men who invented the standardisation of physique and the tests to
judge and measure the body were trying to prove their own

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race’s/gender’s superiority. In this sense the measurements are
arbitrary.
Araniello addresses this performance work – deemed a feminist classic
– by adding a disability twist. As she states in relation to this work:
‘I find the standards by which disabled people are judged when they
go into the public realm to have no relation to who they actually are’.
Following Rosler’s work then, Araniello gives the notion of statistically
measuring people against a standard an extra dimension by placing
herself in the role of the clinician and a blow-up doll (presumably an
expression of male idealism) as the object of measurement. Her stated
objective was to update and to create a farcical, uproarious reenactment of Vital Statistics informed by contemporary disability black
humour whilst incorporating the original feminist critique of patrilinear
standardisation.

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Full list of materials on Live Art and Disability held in Live Art
Development Agency Study Room.
July 2010
Documentation –
Alan McLean and Tony Mustoe - Snoozyland (V0054, V0173)
Alan McLean and Tony Mustoe - My Boy did Everything I Asked it
(D1251)
Alan McLean and Tony Mustoe - Knocking (D1428)
Mary Duffy - Stories of a Body (V0185)
Aaron Williamson - Mnemonic Reposition (V0180), Compilation 1
(V0322), Compilation 2 (V0323), Obscure Display (V0351),
Sonictraps: Involuntary Head Sounds (V0360), Video Clips 2000 –
2002 (V0519), The Electricians (V0606)
Mat Fraser - Perfectly Deformed (D0059 ), Genetically Modified ......
Just For You (D0060), Survival of the Shittest (D0061), Wrong Bodies
and Born Freak (extracts) (V0571
Raimund Hoghe - Meinwarts (V0034), Excerpts of Letter Amorose
(D0154), Throwing the Body into the Fight (V0572), Sacre - The Rite
of Spring (V0651), Der Buckel (interview) (V0682)
Vital - Curated by Juliet Robson and Kate Stoddart featuring Ann
Whitehurst, Alison Lapper, Aaron Williamson, Monuments 2
Incompleteness, Bill Shannon, and Jaap De Jonge. (D0051)
Girl Jonah (Caroline Bowditch and Fiona Wright) - This Two (D0461)
Philip Ryder (with Ange Taggart) - Samples of Work 1998 - 2001
(V0425)
Pete Edwards – FAT (D1227)
Point of View - Gitta Gsell, featuring Milli Bitterli, Rainmund Hoghe,
Ju Gosling, Rika Esser, Simon Versnel - (D0229)
Juliet Robson - Norman & Shopping (V0725)
Bob Flanaghan - Sick, The Life and Death of Bob Flanaghan (D0190)
Mat Fraser and Max Zadow - Everything you wanted to
know….(Liverpool – short clip - D1004)
Various artists - Extravagant Bodies Festival, Zagreb documentation
(D1264)
The Body of Art – Bob Dickinson (featuring Catherine Long) (D1191)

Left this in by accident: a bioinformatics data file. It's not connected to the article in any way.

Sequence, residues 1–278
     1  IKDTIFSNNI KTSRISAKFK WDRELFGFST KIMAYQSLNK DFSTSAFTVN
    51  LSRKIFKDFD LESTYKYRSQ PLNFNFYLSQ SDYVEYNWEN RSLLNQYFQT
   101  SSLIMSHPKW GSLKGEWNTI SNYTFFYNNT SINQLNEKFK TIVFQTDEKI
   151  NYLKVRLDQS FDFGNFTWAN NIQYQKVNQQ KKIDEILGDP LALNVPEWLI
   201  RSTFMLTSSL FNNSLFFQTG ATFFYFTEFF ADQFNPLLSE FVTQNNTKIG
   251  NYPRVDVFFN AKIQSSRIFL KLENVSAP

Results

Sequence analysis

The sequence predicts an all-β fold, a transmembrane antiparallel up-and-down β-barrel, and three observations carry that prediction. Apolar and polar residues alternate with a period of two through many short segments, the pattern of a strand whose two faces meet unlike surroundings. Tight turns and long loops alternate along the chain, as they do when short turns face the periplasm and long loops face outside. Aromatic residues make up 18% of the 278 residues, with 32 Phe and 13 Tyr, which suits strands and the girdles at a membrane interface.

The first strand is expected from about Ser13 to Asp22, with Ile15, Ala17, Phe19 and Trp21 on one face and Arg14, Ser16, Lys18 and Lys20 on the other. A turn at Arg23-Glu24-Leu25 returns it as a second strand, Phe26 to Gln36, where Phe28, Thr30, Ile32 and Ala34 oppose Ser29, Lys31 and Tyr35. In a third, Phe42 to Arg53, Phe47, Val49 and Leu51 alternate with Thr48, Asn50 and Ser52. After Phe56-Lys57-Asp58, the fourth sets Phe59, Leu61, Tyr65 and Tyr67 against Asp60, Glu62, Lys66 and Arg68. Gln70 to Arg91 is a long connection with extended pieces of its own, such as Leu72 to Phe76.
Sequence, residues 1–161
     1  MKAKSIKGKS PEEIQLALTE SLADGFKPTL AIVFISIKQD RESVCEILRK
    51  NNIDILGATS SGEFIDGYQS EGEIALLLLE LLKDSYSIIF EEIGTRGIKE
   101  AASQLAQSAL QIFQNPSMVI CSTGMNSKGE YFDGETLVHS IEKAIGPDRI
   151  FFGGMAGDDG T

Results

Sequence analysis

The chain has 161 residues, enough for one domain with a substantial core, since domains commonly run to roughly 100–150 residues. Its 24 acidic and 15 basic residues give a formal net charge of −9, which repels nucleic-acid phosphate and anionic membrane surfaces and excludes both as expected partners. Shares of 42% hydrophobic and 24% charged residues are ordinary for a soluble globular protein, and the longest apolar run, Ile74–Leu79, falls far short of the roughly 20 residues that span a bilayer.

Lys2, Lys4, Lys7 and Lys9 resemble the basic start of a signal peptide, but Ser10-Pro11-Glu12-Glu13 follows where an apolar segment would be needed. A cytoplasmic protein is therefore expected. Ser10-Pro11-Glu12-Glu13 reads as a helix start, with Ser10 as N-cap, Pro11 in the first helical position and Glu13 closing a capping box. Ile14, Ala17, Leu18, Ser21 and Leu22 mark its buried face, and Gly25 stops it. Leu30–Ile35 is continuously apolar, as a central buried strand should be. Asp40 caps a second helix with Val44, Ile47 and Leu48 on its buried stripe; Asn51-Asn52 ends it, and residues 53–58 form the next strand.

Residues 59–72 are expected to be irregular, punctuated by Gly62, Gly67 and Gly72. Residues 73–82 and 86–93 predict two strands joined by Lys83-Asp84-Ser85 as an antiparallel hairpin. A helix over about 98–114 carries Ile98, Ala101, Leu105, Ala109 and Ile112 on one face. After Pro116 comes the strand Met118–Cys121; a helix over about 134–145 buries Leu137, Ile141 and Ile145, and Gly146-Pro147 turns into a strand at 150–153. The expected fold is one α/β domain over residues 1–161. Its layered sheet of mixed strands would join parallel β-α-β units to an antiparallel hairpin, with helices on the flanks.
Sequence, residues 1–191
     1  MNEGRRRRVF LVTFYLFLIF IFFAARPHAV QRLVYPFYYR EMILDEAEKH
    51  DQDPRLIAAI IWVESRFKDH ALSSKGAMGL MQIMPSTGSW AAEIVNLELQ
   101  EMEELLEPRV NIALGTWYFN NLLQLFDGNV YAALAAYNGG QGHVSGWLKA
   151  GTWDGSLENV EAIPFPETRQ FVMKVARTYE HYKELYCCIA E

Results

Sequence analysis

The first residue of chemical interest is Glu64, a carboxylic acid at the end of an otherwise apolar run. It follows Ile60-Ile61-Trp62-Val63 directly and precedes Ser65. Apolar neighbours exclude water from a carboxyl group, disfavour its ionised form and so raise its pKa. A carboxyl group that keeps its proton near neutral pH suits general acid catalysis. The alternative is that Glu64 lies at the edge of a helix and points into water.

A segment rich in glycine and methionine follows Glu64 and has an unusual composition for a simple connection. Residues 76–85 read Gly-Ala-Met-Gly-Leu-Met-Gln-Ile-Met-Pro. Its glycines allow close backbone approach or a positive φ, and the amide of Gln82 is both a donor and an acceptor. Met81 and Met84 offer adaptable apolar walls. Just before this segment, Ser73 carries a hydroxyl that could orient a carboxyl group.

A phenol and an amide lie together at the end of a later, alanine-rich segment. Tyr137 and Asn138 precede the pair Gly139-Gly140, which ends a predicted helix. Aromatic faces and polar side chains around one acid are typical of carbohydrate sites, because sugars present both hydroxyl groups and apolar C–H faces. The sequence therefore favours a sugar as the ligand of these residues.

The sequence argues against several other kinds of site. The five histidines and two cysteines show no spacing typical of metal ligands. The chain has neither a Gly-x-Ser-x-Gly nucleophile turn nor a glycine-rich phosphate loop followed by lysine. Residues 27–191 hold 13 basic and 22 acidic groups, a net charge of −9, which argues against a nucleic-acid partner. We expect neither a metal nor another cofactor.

Bobby Baker – How To Live (D0386)
The Olimpias Disability Culture Projects and VSA Arts of Rhode
Island - The Tracks Project - Scar Tissue - A body of work (D0413)
Aine Phillips – Harness (Performing Rights Collection, Vienna)

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(D0721)
SPILL Festival of Performance 2007 (compilation featuring Raimund
Hoghe) (D0802)
The Disabled Avant-Garde – Amazing Art and Damaged Dance
(D1301)
Maria Oshodi/Extant – Cast Party (D1302)
The Olimpias - Myths, Bodies and Disability Culture (D1308)
Katherine Araniello - ‘Terminal Services’ (with Jessica Voorsanger)
and Vital Statistics – New & Improved!
(2009) (D1427)

Publications and articles Extravagant Bodies catalogue - Eds. Ivana Bago, Ivana Ivkovic,
Olga Majcen Linn, Tomislav Medak and Suncica Ostoic (P0972)
Disability and Contemporary Performance: Bodies on Edge Petra Kuppers (P0422)
Digitising Disability – Andrea Philips (P0145)
Small Acts: Performance, the Millennium and the Marking of
Time (featuring Conceiving Difference by Ann Whitehurst and Pull
Yourself Together by Bobby Baker) - (P0182)
RE Search - Bob Flanagan: Supermasochist (P0538)
The Pain Journal - Bob Flanagan (P0537)
On Edge: Performance at the End of the Twentieth Century– C.
Carr (featuring essays on Bob Flanaghan and Frank Moore) (P0221)
Disability – Colin Barnes and Geof Mercer (P1258)
Disability, Culture and Identity - Sheila Riddell and Nick Watson
(P0974)
Performance/Video/Collaboration - Aaron Williamson (P1160)
New Work Network’s ‘No Budget Guide for Artists to Disability
Access’ – Ju Gosling (P1246)
Explore Handbook - Improving Access to the Galleries for
Disabled and Deaf People (Engage) (P1183)
engage 23: The International Journal of Visual Art and Gallery
Education - Disability and Access (P1184)
The Performance of Disability - Petra Kuppers (essay in TDR)
(A0176)
Celebrating Disability Arts – Arts Council England (P1272)
Pain in Soul - He Chengyao (P1374)

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Difference on Display: Diversity in art, science and society – Ine
Gevers (P1391)
Scanning – Bobby Baker (P0473)
Face On - Disability Arts in Ireland and Beyond - Kaite O’Reilly
(ed) (P0942)
Shaken Not Stirred – Tony Heaton, newspaper and magazine
clippings (P1458)